Many real estate property owners often think they should insure the building for what they paid for it. This however, does not take into consideration what would happen in the event of an insured property loss that requires rebuilding to the original like kind condition. What an owner “paid” for a building or what it might be “worth” in the open marketplace versus how much it might cost to rebuild the building for the “insured” value are not the same.
Property valuation modeling (also known as Total Insured Value modeling) is the process of using actuarial and construction data to estimate accurate replacement cost values on individual properties within a real estate portfolio. Property valuation modeling is especially applicable to helping understand the replacement cost of your real estate portfolios utilizing actuarial data, engineering, construction costs, and replacement cost resources such as Marshall and Swift.
Setting aside what the causes of loss may be, the current construction marketplace is rapidly changing and insurance portfolios must be adjusted to make sure accurate values are reflected in the policy before a loss occurs. Carriers utilize valuation modeling to make sure the replacement cost shown on the policy reflects the geographic location of the property and type of construction. Insurance companies utilize models of replacement cost for underwriting, as it is imperative for them to estimate the correlation of risk at the different locations and also have a means for estimating their aggregate exposure.
Commercial property owners can be proactive about their portfolios replacement cost values and exposures by utilizing models provided by their insurance brokers. This starts first with understanding where your property is physically located - whether it is a High Risk or a Moderate to Low Risk. Through this modeling appropriate levels of coverage, size of deductible and safety precautions can be assessed. Other factors that need to be taken into consideration when determining the replacement cost include the type (commercial, residential, manufacturing, retail, etc.) of building, the size of the building, type of construction (frame, concrete, metal etc.), type of protection (sprinklers, fire detection, smoke alarms, etc.), as well as exposure to catastrophic events (flood, earthquake, wind storm, etc.) .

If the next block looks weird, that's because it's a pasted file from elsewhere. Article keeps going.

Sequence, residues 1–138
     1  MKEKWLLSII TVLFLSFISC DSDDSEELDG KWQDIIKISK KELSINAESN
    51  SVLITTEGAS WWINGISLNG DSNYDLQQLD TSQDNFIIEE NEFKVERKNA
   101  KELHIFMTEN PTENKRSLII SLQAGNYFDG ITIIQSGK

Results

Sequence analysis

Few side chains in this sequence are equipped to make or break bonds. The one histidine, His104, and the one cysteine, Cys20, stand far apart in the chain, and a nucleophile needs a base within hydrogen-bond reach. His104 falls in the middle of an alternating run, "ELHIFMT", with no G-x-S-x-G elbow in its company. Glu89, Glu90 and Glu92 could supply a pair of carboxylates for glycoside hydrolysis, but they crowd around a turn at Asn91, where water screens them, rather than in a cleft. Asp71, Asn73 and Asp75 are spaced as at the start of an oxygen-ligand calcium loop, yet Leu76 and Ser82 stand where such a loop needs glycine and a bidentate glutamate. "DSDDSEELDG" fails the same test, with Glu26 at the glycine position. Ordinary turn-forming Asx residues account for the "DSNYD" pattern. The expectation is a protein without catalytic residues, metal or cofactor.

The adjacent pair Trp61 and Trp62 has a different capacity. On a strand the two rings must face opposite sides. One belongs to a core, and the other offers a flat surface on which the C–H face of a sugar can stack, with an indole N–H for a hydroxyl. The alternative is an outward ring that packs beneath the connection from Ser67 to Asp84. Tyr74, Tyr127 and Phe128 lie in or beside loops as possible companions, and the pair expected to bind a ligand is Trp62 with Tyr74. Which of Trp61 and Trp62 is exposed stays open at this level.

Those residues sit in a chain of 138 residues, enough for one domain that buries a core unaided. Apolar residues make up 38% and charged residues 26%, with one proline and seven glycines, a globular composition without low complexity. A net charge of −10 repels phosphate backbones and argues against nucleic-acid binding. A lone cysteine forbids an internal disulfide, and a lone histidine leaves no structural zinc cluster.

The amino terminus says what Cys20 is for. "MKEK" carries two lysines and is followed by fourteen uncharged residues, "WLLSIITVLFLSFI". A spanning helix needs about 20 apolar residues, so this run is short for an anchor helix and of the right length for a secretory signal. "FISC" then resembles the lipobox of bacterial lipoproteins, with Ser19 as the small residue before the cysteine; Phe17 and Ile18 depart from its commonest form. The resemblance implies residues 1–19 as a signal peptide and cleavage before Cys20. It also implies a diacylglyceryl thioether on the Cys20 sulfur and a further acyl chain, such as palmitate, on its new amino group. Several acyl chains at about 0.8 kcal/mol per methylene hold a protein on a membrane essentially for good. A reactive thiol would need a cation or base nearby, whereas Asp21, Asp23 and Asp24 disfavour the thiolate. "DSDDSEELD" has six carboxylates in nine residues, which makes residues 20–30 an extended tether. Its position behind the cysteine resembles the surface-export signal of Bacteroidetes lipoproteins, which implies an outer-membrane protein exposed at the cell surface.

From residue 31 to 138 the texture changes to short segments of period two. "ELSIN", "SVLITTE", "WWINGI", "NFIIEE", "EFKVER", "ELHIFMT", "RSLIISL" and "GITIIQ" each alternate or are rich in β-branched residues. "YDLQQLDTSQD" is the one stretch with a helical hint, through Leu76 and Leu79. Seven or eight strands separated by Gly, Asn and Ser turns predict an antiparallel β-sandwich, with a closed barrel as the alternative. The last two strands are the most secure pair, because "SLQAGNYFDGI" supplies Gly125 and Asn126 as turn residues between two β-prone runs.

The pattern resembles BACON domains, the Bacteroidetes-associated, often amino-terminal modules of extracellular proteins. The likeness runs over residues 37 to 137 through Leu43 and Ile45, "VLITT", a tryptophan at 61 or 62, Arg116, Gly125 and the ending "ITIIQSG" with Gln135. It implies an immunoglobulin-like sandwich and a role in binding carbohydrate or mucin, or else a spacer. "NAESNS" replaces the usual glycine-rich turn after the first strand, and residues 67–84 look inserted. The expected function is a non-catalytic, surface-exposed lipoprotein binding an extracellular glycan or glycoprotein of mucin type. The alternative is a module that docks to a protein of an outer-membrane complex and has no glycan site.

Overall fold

With any models, it is all about the data. Results are only as good as the information put into them. It is essential that input be accurate so output is the same. The details matter, so when working with a Modeling firm companies should be prepared to provide:
• Address-number, street, city or town, state, zip code and geocodes if available
• Replacement Cost Values-Building, equipment, personal property and business interruption
• Type of Construction
• Type of Occupancy
• Year built
• Number of Stories
• Type of fire protection or other alarm systems
If you know type and age of roof, roof geometry, and roof top mechanical and electrical equipment anchoring, and other so called secondary modifiers, it is important to include this information. It can be extremely useful for refining results.
Modeling can help you understand the exposures by location, and in the aggregate over multiple locations. Modeling firms find ways to help mitigate your exposures through property loss prevention and loss control measures. This also helps structure insurance programs efficiently and economically, negotiating the right coverages, limits and deductibles at a reasonable cost with underwriters.
Following an evaluation and implementation of risk control measures, decisions can be made around how much exposure to retain through deductibles and how much coverage and limit to transfer and buy through your insurance program. If a property owner has multiple buildings that could be exposed to a single event in a specific geographical area, then it is important to look at the aggregate exposure to all loss when making insurance decisions. Modeling provided directly to the property owners is also an effective negotiating tool against a carriers modeling, helping in the negotiation process for improved insurance program design and cost.
Spencer Macalaster is executive vice president and real estate practice leader with Risk Strategies Co., Boston.